Held, for P. D has violated P’s common law right of publicity, by appropriating P’s “identity.” It does not matter that D has not appropriated P’s name or “likeness.” The right of publicity will be deemed to have been violated whenever a person’s “celebrity value” is exploited by the defendant, regardless of the means by which this is done.
(But a dissent argues that the majority’s opinion is a “classic case of overprotection,” and that courts should not make it tortious to simply “remind the public of a celebrity” or to simply “evoke the celebrity’s image in the public’s mind.”) White v. Samsung Electronics America, Inc., 971 F.2d 1395 (9th Cir. 1992).
C. Intrusion: The plaintiff may sue if his solitude is intruded upon, and this intrusion would be “highly offensive to a reasonable person.” Rest. 2d, §652B.
1. Must be private place: This “intrusion upon seclusion” branch of invasion of privacy is triggered only where a private place is invaded. Thus if the defendant takes the plaintiff’s picture in a public place, this will normally not be enough.
a. Wiretaps and electronic surveillance: The use of wiretaps and other kinds of secret electronic surveillance equipment will generally constitute an intrusion into a “private place.”
Example 1: P, consumer advocate Ralph Nader, plans to publish a book attacking the safety of automobiles manufactured by D (General Motors). In order to stop P from doing so, D harasses P by making threatening phone calls, conducting surveillance of P in public places, interviewing P’s acquaintances, having women accost P with illicit proposals, tapping P’s phone, and eavesdropping on P with electronic equipment. P sues D for invasion of privacy.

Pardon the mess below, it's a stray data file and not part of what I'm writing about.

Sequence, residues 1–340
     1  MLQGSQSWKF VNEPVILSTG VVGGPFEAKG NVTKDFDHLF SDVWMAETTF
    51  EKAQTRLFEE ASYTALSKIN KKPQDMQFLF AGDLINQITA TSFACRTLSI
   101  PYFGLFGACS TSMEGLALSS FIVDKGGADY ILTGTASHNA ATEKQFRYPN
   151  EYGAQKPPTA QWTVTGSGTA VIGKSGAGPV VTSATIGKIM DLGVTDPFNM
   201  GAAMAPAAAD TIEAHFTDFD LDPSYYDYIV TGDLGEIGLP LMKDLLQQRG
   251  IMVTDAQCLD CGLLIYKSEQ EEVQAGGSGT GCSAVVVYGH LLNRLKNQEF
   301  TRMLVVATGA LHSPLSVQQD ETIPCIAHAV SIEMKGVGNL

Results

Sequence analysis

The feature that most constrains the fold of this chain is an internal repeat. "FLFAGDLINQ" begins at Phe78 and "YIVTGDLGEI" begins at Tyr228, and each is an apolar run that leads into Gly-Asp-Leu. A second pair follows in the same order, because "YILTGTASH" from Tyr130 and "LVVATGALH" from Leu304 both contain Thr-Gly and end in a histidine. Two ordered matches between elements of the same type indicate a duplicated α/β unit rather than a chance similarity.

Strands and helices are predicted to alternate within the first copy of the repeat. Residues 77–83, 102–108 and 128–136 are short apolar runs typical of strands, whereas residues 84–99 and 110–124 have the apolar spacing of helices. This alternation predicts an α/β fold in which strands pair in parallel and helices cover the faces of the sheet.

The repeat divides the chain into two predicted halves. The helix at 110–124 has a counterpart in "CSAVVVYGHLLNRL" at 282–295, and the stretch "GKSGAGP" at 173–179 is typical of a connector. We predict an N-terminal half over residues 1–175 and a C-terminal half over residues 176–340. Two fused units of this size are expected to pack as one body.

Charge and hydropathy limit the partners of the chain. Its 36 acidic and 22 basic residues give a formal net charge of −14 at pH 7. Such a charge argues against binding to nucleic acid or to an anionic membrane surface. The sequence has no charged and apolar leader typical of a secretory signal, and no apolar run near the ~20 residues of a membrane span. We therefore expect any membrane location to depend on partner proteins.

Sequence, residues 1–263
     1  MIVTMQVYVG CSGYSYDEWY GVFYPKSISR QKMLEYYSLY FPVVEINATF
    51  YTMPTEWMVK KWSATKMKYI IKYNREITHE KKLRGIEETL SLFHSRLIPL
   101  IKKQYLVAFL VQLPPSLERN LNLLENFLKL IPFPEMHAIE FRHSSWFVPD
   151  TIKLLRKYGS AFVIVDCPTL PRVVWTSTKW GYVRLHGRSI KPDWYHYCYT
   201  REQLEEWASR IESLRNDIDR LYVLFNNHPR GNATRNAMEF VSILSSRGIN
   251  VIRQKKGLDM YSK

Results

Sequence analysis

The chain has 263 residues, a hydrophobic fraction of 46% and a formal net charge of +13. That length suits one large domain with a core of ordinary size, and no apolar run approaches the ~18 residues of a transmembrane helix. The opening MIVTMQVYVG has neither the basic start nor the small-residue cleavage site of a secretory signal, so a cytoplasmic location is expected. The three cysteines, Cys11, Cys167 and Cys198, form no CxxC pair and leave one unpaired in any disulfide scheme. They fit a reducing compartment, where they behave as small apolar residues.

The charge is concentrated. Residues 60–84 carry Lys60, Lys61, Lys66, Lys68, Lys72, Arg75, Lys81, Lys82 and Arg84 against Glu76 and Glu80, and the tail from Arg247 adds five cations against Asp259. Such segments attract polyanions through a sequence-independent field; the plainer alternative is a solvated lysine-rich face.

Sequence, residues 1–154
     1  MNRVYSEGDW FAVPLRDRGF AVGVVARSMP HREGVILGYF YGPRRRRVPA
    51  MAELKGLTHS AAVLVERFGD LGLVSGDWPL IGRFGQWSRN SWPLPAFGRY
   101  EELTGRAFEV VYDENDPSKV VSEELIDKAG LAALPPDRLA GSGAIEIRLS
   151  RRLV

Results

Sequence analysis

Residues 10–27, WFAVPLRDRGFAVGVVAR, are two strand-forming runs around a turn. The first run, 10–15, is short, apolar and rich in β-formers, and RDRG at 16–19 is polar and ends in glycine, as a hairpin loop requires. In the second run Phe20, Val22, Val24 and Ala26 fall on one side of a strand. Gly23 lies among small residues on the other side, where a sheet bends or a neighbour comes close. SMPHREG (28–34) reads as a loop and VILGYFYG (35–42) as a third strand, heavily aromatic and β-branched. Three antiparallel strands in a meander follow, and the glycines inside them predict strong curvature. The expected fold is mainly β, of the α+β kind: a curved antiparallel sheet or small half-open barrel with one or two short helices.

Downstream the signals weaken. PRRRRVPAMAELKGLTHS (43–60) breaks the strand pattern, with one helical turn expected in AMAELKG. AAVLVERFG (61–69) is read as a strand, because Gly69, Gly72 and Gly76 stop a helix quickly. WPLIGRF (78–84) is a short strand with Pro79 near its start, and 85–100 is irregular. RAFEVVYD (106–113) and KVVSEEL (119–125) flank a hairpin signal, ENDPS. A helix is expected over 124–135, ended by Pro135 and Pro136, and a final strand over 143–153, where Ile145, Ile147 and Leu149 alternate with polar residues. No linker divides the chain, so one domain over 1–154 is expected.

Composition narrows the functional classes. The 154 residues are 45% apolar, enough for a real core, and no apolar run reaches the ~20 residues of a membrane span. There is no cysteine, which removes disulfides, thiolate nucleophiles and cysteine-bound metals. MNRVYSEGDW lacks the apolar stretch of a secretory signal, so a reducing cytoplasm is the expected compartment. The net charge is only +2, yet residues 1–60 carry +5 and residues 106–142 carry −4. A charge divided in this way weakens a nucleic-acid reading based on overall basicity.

Held, P has a cause of action for invasion of privacy, but only for the wiretapping and electronic eavesdropping. “[T]he mere gathering of information about a particular individual does not give rise to a cause of action for [invasion of privacy]. Privacy is invaded only if the information sought is of a confidential nature and the defendant’s conduct is unreasonably intrusive.” Nader v. General Motors Corp., 255 N.E.2d 765 (N.Y. 1970).
Example 2: Suppose that P and D are roommates at college; they share a suite, but each has his own small bedroom. D hides a web-cam in P’s room, and uses it to stream video on the Internet of P having sex with X. P (as well as X) will have a claim against D for the intrusion-on-solitude branch of invasion of privacy: the use of hidden electronic equipment to monitor P’s private space is an intrusion that would be “highly offensive to a reasonable person.”